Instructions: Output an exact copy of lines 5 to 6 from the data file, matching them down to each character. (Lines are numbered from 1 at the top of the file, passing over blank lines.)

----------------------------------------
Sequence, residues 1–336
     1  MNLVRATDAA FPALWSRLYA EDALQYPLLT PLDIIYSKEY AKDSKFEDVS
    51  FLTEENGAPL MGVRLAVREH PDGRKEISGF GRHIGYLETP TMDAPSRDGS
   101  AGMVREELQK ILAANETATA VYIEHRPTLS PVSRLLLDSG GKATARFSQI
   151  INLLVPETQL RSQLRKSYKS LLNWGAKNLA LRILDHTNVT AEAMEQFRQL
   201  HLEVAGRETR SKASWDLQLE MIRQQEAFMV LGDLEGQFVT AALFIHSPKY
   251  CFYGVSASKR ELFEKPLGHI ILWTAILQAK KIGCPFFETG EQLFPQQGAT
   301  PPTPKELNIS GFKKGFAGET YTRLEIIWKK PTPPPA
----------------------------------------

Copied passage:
   151  INLLVPETQL RSQLRKSYKS LLNWGAKNLA LRILDHTNVT AEAMEQFRQL
   201  HLEVAGRETR SKASWDLQLE MIRQQEAFMV LGDLEGQFVT AALFIHSPKY